For me, it’s the (Flint) Symphony season starting again. The Metropolitan Opera (live in HD in a local Flint theater) has already broadcast three operas of this new season, which I faithfully attend. The entire season already has preemptory places on my calendar. In the Church calendar, today (Nov 1) is All Saints’ Day. These are not Summer events! They take us down into our deeper selves.
Autumn is the making more deeply human what Summer has granted us. In a sense, Summer has to die, so its human legacy can come to fruition. Like the English folk legend of John Barleycorn, in the Fall he has to harshly die, by which the gifts of beer and whiskey emerge in which he may live once more.
And what is our legacy? In the Genesis account of our beginnings, we were born into the Garden of Paradise.But human necessity or destiny (I don’t call if ‘fault’ - that’s for the theologians, psychologists and moralists) brought us to the Fall, the entrance into life as it is for each of us.
When we are born, the only people we know are all alive. But as we ourselves age, we suffer the loss of others, hence through loss and grief do we come to knowledge of the larger “Communion of Saints.” This central tenet of Christian experience (All Saints’ Day) has parallels in the veneration of ancestors present in other spiritual traditions. The ‘ancestor shrine’ of many of our homes has been the photo panoply that decorate many a parlor’s upright piano.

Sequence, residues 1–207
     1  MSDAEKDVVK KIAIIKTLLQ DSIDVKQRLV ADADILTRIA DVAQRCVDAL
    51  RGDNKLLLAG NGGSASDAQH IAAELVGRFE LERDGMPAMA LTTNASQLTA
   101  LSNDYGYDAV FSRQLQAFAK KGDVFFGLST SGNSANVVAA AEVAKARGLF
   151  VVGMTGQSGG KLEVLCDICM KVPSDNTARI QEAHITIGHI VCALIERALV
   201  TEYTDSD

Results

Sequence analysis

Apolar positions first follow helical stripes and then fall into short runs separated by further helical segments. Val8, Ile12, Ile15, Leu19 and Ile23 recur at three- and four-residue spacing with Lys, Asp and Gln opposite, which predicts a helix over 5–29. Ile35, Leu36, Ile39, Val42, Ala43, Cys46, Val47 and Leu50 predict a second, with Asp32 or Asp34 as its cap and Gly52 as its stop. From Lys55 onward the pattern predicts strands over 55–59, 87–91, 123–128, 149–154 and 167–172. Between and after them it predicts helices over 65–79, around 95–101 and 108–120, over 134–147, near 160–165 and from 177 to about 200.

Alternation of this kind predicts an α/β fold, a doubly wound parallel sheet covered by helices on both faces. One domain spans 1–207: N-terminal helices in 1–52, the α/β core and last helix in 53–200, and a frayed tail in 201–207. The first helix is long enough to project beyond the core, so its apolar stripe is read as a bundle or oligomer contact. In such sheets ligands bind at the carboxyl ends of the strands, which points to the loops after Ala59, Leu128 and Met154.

From goodness to richness
Through the knowing of suffering and difficulty, much of the goodness (Summer) of life can merge into the richness (Autumn) of life. This is the great time of the “holidays” (holy days).First there is Halloween - All Hallows Eve (The Celtic New Year begins at sundown on October 31, November 1 being our All Saints Day).
I find it fascinating how much emphasis we Americans place on Halloween. Perhaps it’s because of the childlike playfulness in even our adult partying. It doesn’t depend on family ties like Thanksgiving and Christmas. Hence it can be more free of holiday depression.
Thanksgiving as well as as marking the conclusion of a successful harvest, has among its roots a celebration of plenty after surviving a disastrous year for our Pilgrim ancestors.
Then comes Christmas, the end of Autumn. If the Autumn is an encounter with the depth of our humanity, the Winter implants the hope of a new beginning (New Year), as well as the birth of a Savior. Winter marks our own silent waiting, marking a turning point in the pattern of the “Fall” of humankind, learning to trust the deep stirrings (beneath the frozen Winter landscape) toward hope and redemption - Spring and Easter. The Native Americans call Winter the “Dreamtime.”
Now my narrative of these events and meanings are those of an American Midwesterner and a Christian. But I believe that there is a synchronization of our homeland, our spiritual heritage and the deep archetypal stirrings of the human soul that can lead us through this larger pattern, each from the gifts of our geography and heritage, to a full richness of life.
And for each of you may this Autumn gift you and those with whom you share life, with the Blessings and Balance of a Life Lived to the Fullest.
For me, the time is right.
Please forgive my amateur linguistics here.The phrase popped out of my head one day, and I haven’t been able to locate it as having a true linguistic integrity.I mean it to carry the meaning of tentative sleep or sleeping while partially awake.
I find it a fascinating consideration that our Summer may be analogous to the pagan “Summerland” - the place between earthly cycles of life.